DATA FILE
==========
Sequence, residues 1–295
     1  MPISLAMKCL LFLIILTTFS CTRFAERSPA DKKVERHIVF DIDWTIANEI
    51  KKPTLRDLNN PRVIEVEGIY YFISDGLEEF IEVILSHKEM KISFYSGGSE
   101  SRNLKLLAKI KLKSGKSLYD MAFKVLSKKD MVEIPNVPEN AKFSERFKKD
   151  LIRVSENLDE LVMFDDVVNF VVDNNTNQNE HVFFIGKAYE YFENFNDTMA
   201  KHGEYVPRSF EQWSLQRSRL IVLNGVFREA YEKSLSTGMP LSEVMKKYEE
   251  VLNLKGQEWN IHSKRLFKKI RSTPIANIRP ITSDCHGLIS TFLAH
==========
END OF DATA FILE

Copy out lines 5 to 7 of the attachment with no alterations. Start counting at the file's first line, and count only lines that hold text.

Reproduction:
   151  LIRVSENLDE LVMFDDVVNF VVDNNTNQNE HVFFIGKAYE YFENFNDTMA
   201  KHGEYVPRSF EQWSLQRSRL IVLNGVFREA YEKSLSTGMP LSEVMKKYEE
   251  VLNLKGQEWN IHSKRLFKKI RSTPIANIRP ITSDCHGLIS TFLAH